The technological revolution in next-generation sequencing has brought unprecedented opportunities to study any organism of interest at the genomic or transcriptomic level. Transcriptome assembly is a crucial first step for studying the molecular basis of phenotypes of interest using RNA-Sequencing (RNA-Seq). However, the optimal strategy for assembling vast amounts of short RNA-Seq reads remains unresolved, especially for organisms without a sequenced genome. This study compared four transcriptome assembly methods, including a widely used de novo assembler (Trinity), two transcriptome re-assembly strategies utilizing proteomic and genomic resources from closely related species (reference-based re-assembly and TransPS) and a genome-guided assembler (Cufflinks).
These four assembly strategies were compared using a comprehensive transcriptomic database of Aedes albopictus, for which a genome sequence has recently been completed. The quality of the various assemblies was assessed by the number of contigs generated, contig length distribution, percent paired-end read mapping, and gene model representation via BLASTX. Our results reveal that de novo assembly generates a similar number of gene models relative to genome-guided assembly with a fragmented reference, but produces the highest level of redundancy and requires the most computational power. Using a closely related reference genome to guide transcriptome assembly can generate biased contig sequences. Increasing the number of reads used in the transcriptome assembly tends to increase the redundancy within the assembly and decrease both median contig length and percent identity between contigs and reference protein sequences.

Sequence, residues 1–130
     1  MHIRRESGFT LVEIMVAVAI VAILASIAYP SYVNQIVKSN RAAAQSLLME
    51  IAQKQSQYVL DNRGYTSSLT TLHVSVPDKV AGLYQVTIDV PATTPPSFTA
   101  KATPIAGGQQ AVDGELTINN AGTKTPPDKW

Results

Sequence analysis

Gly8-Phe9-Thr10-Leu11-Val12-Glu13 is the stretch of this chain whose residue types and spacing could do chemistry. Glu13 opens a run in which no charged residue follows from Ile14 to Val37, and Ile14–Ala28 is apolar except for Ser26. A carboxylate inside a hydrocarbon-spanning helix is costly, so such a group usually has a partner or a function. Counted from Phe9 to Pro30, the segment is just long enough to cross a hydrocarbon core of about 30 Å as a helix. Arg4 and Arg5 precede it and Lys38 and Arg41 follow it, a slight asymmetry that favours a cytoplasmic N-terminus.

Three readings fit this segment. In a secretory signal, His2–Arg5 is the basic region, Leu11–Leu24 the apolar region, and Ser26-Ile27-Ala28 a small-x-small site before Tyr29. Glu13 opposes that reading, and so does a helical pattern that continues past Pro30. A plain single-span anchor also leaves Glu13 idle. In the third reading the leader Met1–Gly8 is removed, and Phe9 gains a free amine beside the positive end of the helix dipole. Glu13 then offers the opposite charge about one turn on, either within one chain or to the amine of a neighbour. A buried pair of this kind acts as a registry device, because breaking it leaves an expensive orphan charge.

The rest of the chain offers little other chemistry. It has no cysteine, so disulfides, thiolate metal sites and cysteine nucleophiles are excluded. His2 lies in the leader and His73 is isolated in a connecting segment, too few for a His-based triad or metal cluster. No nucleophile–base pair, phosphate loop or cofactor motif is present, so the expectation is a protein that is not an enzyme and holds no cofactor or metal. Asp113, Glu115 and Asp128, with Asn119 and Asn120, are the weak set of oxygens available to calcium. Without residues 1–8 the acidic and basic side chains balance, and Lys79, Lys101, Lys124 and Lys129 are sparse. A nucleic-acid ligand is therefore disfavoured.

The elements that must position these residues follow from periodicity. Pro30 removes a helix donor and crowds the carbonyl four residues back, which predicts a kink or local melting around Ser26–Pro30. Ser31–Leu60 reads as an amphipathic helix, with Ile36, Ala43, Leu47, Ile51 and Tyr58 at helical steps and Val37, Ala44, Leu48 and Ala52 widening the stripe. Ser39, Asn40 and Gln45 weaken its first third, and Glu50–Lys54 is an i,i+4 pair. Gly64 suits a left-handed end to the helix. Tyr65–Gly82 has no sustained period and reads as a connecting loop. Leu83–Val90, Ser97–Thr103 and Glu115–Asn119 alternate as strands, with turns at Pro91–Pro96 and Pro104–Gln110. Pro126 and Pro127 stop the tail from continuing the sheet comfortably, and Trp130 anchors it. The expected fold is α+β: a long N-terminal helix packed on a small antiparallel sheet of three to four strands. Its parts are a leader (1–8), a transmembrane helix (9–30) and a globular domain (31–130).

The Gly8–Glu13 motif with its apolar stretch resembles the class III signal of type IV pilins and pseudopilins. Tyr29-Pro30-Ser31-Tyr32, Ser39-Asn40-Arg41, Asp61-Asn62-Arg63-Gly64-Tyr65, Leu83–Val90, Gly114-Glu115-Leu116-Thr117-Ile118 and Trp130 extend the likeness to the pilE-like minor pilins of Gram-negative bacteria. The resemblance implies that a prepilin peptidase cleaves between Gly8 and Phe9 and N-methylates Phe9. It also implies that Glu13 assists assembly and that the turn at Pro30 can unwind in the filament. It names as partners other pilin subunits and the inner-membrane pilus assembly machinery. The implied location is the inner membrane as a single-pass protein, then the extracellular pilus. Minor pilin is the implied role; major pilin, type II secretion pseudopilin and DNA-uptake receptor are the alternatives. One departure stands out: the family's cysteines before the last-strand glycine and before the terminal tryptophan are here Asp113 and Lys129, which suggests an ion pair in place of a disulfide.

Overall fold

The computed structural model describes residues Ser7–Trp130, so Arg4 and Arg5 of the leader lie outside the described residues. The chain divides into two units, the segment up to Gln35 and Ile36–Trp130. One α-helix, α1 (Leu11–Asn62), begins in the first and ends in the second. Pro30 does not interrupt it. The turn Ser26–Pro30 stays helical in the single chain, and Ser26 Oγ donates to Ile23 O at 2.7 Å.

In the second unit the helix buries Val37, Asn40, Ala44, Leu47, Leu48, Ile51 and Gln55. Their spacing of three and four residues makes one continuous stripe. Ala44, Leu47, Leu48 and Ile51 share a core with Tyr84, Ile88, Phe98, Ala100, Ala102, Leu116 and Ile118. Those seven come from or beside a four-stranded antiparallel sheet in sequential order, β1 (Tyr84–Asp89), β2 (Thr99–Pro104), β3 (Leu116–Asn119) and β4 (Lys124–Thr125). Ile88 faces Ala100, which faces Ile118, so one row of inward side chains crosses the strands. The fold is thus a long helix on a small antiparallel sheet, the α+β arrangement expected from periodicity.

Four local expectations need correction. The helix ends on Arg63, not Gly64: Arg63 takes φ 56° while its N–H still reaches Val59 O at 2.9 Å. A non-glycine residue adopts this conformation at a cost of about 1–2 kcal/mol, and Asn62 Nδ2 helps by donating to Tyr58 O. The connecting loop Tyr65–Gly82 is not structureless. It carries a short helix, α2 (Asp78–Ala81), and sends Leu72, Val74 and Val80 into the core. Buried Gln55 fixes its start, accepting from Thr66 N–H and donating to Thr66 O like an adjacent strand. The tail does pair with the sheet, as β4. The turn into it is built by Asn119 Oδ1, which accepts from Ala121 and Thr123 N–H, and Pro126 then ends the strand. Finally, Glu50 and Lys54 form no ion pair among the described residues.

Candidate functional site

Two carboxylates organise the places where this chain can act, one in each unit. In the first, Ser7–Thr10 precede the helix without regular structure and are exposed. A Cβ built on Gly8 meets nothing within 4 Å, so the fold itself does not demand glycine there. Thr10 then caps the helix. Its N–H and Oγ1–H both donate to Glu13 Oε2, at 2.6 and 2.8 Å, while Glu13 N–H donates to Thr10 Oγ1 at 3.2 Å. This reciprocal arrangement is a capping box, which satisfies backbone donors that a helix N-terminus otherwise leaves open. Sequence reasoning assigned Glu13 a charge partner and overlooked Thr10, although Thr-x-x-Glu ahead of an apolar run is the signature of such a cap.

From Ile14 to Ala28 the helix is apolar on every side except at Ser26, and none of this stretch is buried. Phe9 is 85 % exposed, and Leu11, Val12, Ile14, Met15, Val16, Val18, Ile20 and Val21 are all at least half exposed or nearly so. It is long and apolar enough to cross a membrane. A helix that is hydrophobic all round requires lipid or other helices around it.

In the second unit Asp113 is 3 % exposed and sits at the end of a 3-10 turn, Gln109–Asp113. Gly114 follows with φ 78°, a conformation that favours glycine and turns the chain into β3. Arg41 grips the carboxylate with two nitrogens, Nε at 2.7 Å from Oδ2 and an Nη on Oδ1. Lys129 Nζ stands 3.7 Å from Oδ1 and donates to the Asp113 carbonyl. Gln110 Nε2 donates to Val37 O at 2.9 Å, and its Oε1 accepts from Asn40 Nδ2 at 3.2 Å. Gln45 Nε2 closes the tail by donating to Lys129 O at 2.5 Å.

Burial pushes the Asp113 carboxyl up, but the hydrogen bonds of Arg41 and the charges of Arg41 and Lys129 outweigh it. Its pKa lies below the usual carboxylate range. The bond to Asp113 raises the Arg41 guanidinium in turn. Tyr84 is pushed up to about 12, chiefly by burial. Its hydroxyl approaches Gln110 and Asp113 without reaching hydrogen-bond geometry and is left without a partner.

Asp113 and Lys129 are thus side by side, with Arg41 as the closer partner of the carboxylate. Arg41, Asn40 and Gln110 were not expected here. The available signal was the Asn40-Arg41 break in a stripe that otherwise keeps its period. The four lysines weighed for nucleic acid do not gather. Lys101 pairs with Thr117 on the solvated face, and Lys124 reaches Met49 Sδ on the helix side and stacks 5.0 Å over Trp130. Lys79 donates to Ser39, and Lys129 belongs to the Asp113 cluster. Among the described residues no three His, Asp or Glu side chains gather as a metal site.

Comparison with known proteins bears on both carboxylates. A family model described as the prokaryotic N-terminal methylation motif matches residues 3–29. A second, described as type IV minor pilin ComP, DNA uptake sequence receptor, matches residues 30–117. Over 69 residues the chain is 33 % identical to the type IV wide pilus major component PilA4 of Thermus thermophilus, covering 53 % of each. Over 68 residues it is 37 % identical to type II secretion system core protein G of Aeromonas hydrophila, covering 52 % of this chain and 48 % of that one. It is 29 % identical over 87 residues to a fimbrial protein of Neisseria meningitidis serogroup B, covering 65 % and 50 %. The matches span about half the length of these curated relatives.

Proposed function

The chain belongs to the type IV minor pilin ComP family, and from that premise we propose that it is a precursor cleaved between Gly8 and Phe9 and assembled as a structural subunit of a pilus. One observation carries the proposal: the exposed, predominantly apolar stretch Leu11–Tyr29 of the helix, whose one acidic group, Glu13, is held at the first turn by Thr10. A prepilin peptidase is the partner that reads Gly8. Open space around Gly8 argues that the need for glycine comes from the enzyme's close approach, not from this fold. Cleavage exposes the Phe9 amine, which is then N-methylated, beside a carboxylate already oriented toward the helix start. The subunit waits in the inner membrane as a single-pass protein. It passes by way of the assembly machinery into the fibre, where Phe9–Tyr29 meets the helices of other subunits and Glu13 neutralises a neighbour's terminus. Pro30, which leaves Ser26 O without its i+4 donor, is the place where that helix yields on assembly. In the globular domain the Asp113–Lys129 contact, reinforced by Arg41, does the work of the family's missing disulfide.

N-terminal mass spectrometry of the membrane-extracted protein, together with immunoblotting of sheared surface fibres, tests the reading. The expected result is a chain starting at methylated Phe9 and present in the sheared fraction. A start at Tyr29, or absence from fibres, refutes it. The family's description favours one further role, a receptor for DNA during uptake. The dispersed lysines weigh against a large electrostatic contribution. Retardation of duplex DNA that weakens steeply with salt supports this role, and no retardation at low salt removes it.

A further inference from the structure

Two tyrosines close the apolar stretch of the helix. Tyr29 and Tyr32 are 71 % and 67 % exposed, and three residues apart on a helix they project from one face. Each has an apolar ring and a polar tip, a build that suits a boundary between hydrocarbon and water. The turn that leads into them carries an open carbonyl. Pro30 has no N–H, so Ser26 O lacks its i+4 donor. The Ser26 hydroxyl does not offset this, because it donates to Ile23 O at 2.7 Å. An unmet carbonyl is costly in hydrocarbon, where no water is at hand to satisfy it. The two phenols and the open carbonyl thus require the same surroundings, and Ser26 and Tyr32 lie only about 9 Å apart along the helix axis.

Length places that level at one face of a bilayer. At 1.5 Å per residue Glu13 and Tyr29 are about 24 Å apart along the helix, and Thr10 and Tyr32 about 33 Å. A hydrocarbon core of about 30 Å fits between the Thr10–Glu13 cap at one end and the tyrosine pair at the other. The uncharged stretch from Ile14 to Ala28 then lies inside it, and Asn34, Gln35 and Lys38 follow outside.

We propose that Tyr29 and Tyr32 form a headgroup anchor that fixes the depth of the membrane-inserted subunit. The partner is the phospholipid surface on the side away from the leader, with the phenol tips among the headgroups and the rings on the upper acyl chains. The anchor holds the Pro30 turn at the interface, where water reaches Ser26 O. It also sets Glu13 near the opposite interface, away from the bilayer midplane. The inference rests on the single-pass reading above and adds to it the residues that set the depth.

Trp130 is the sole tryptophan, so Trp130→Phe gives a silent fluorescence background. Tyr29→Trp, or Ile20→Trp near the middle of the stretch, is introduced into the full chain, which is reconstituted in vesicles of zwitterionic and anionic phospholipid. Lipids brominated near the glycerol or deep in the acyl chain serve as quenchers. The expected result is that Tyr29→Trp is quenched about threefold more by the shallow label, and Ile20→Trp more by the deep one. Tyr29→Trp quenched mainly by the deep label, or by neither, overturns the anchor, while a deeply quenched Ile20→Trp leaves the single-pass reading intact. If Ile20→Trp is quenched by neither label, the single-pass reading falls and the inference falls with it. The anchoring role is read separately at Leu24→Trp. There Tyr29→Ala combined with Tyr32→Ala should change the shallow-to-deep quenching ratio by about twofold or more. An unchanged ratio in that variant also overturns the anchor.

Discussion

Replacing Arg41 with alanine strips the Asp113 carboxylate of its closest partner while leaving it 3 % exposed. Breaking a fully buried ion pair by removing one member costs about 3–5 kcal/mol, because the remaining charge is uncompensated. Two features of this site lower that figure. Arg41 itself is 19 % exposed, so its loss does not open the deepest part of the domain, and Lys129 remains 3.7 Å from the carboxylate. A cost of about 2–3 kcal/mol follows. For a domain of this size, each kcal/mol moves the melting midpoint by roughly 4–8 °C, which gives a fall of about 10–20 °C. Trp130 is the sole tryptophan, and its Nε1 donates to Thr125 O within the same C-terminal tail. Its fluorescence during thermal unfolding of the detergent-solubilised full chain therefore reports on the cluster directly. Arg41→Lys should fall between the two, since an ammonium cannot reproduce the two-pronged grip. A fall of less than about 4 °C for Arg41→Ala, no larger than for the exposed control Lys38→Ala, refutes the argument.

This study provides general guidance for transcriptome assembly of RNA-Seq data from organisms with or without a sequenced genome. The optimal transcriptome assembly strategy will depend upon the subsequent downstream analyses. However, our results emphasize the efficacy of de novo assembly, which can be as effective as genome-guided assembly when the reference genome assembly is fragmented. If a genome assembly and sufficient computational resources are available, it can be beneficial to combine de novo and genome-guided assemblies. Caution should be taken when using a closely related reference genome to guide transcriptome assembly. The quantity of read pairs used in the transcriptome assembly does not necessarily correlate with the quality of the assembly.